I am so grateful that social media did not exist, at least not in the way it does now, when I was a teenager or a child. I am also nostalgic for the world wide web (remember that?) of my early adulthood, when it was possible to connect with people meaningfully and not just as your-projection-meets-mine, blogs democratised space for new writers, advertising didn’t clutter the screen, and the phone and the computer were distinct devices.
This is because of the dire turn that social media and the Internet have taken over the last decade. The former became less a place to engage than a hypermarket where capitalism and dirty politics collude. For many of us, social media is the Internet in a sense. When I try to use the platforms less, for instance, I’m offline. I’m not browsing websites, or reading news or commentary directly from the source instead of via a link.
It was recently revealed that Facebook, which owns Instagram, knew from before the pandemic through its own internal research that the latter negatively impacts teenage girls’ mental health, affecting their body image particularly. The studies even showed that up to 13 per cent of users who experienced suicidal thoughts were able to connect them to the platform. The company chose to dismiss its own findings.
Even from the relatively privileged position of requiring social media presence only for work and using it begrudgingly, it has still had myriad repercussions on my mental health. I am not a teenager, but no one who has ever been a teenage girl forgets what it’s like to be one — to be so intensely charged, so full of possibilities, and so unaware of how one is being broken daily in ways that will take decades to resolve. Mega-corporations that demand sacrificial participation in their economies so as to “belong” better offline makes those offline lives that much harder.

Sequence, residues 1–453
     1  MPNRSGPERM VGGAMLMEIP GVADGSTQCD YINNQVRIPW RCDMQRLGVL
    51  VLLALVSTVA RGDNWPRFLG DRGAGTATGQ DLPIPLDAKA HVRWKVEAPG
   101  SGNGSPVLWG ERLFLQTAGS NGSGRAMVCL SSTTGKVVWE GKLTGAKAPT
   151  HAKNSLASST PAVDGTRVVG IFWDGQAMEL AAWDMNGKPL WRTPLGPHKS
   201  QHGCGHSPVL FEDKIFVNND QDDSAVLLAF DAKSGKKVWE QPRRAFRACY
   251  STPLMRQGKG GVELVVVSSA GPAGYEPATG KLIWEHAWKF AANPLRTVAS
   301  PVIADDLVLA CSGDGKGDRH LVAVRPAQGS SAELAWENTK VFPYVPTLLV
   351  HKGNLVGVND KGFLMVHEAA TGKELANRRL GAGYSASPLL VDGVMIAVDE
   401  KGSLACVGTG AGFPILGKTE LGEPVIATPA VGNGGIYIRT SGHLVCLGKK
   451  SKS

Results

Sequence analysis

Michaela Cole, who won an Emmy this week for writing the brilliant TV series I May Destroy You, said in her acceptance speech: “In a world that entices us to browse the lives of others to help us better determine how we feel about ourselves, and to, in turn, feel the need to be constantly visible — for visibility, these days, seems to somehow equate to success — do not be afraid to disappear. From it, from us, for a while. And see what comes to you in the silence.”
This is not something most of us can do, for many reasons. Cole herself has a social media presence. So this speech is only a reminder, in the same way that the leaked information about the platforms above is. Knowing what we know, can we give ourselves permission to disengage a little more each day? Speaking for myself, I’m finding it easier to, at this time, because the platforms are just that toxic. I can feel the way Twitter upsets me every time I open it. But then, I compulsively open Instagram or Facebook despite knowing they will bore me. Algorithms and other contrivances show us what they want to. In increments, at least, we can try to see less of it.
(The columnist is a writer and illustrator)